top of page
  • Writer's pictureWChE

2017 Husky 100 Awards

The Husky 100 recognizes 100 UW undergraduate and graduate students from Bothell, Seattle and Tacoma in all areas of study who are making the most of their time at the UW. WChE would like to congratulate the following chemical engineering students who were selected to receive the 2017 Husky 100 awards

Kayla Sprenger - PhD Chemical Engineering '17
Holly Sullivan - BS Chemical Engineering '17

Gabriella Tosado - PhD Chemical Engineering '21

Grant Williamson PhD Molecular Engineering '20

Grant Williamson: As an undergraduate and now as an NSF Graduate Research Fellow, I have thrived at UW, finding my passion for research, science communication and policy. In the Holmberg research group, I focus on developing high-capacity batteries to enable a clean energy system. Outside of the lab, I do science outreach in the community and with legislators, foster interdisciplinary connections as a Graduate and Professional Student Senator and work to implement new technology and programs that benefit society.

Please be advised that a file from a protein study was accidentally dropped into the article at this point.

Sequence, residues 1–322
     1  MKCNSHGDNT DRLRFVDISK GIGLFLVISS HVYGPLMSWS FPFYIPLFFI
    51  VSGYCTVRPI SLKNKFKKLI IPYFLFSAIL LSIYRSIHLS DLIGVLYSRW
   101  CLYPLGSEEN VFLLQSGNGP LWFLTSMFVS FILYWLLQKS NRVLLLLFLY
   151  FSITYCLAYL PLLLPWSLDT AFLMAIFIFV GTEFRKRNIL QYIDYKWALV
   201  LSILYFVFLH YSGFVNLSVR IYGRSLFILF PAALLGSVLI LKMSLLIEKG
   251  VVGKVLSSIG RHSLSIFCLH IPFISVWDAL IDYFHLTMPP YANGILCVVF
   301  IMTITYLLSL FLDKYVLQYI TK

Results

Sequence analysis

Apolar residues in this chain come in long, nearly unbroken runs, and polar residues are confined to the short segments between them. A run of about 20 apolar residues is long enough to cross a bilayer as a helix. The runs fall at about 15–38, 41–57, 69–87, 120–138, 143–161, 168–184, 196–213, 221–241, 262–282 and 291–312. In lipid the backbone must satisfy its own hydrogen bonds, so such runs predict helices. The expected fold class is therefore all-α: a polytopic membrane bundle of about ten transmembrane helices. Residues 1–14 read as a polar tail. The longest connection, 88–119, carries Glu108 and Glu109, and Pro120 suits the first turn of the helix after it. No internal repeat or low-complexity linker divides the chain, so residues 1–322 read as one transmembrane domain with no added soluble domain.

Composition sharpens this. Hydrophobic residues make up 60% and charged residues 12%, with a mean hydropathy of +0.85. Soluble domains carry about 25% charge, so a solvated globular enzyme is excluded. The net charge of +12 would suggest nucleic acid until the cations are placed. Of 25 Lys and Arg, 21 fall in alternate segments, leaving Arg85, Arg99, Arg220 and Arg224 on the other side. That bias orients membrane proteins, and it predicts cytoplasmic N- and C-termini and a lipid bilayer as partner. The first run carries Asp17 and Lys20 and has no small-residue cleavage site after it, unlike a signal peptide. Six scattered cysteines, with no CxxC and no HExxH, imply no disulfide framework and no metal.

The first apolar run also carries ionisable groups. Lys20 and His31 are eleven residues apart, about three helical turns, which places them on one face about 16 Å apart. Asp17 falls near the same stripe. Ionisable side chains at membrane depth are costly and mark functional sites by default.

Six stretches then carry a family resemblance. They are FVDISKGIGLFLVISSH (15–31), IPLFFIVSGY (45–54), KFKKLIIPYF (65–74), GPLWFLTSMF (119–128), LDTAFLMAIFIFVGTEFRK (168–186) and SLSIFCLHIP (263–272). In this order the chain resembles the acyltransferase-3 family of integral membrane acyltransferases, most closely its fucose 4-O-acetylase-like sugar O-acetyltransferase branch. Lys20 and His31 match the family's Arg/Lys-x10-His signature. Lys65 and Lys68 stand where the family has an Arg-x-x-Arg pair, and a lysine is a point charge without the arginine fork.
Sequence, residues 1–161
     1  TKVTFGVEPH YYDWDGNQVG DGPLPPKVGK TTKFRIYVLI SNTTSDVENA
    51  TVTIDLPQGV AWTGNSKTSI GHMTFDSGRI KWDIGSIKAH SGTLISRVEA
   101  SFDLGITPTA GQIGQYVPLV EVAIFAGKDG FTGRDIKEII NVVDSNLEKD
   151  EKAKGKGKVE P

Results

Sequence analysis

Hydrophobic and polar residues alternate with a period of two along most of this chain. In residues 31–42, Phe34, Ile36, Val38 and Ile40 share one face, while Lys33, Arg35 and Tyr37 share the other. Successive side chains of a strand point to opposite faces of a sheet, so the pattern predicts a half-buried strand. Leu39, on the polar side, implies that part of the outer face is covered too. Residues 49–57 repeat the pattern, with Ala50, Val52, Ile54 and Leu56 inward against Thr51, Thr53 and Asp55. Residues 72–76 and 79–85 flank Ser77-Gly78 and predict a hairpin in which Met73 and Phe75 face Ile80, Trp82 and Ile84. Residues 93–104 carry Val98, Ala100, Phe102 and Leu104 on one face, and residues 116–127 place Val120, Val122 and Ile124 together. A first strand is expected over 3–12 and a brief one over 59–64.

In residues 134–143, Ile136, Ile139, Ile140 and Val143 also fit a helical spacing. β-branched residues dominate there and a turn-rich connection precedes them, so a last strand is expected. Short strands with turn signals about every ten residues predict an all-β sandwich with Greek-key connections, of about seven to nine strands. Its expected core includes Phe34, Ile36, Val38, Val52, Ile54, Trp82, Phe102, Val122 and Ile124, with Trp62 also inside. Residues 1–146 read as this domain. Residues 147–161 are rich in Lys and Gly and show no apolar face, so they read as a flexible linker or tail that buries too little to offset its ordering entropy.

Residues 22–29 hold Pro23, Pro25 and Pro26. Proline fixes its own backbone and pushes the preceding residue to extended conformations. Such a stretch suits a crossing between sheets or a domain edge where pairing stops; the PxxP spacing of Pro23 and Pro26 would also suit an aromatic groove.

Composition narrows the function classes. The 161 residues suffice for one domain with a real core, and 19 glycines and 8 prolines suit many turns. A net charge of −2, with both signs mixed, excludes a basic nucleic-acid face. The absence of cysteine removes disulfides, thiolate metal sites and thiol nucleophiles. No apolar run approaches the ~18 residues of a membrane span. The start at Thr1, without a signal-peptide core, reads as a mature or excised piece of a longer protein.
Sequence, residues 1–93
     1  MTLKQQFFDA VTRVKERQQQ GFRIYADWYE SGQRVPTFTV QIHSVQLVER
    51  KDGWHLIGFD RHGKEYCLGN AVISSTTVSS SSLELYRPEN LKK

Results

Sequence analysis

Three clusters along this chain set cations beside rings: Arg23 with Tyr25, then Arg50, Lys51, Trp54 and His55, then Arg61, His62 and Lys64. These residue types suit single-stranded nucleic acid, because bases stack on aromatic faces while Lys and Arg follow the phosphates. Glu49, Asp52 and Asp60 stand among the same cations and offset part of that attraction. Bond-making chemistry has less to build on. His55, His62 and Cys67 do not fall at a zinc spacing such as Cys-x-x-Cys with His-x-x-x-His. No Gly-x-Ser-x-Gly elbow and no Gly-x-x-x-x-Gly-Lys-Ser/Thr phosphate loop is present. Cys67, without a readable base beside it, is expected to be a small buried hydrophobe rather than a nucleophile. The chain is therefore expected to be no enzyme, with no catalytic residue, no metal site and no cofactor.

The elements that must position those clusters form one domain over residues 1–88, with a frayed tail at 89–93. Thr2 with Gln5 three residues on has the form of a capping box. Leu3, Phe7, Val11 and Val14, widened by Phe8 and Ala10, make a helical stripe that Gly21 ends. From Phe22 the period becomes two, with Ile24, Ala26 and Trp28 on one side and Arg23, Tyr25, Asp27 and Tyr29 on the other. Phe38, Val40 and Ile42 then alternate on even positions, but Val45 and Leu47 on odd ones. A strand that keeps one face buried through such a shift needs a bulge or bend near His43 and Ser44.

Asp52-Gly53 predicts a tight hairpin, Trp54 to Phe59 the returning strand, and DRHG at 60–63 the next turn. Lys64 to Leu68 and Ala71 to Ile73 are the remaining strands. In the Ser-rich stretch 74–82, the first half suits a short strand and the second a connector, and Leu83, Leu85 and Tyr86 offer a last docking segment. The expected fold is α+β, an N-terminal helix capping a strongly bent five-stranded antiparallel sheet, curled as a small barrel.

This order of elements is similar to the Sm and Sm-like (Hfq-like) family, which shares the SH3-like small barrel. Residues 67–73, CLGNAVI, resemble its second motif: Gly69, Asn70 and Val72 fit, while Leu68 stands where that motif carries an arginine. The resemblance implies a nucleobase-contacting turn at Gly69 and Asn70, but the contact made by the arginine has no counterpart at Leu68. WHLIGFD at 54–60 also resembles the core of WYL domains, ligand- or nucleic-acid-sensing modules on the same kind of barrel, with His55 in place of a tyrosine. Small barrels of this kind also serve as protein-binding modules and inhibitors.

Holly Sullivan: I strive to achieve academically while also being heavily involved in research, peer mentoring, and creating a strong and friendly community within the Chemical Engineering Department. Finding a balance between all of this has not been easy, but it’s definitely been worth it. Conducting undergraduate research completely changed my career path and inspired me to use my degree to bring engineering and medicine together in an effort to improve patient care.

Gabriella Tosado: My time as a Husky has been devoted to clean energy and community outreach. My research on perovskite solar cells will bring this technology closer to commercialization while my outreach efforts have reached thousands. As the first CEI fellow and a founding member of WChe, I spearheaded events to inspire girls to continue their love of science. My goal is to combine research and outreach to educate the public in an effort to enact clean energy policy while creating solution to our energy needs.

Kayla Sprenger: While my graduate research focuses on molecular interactions on the smallest of scales, I hope the results of my work will have a large-scale impact on improving the human condition. Throughout my nine years at UW, I have gained a deep appreciation for the many opportunities a degree in STEM offers, which has inspired me to encourage young women to pursue a path in the sciences.

47 views0 comments

Recent Posts

See All
bottom of page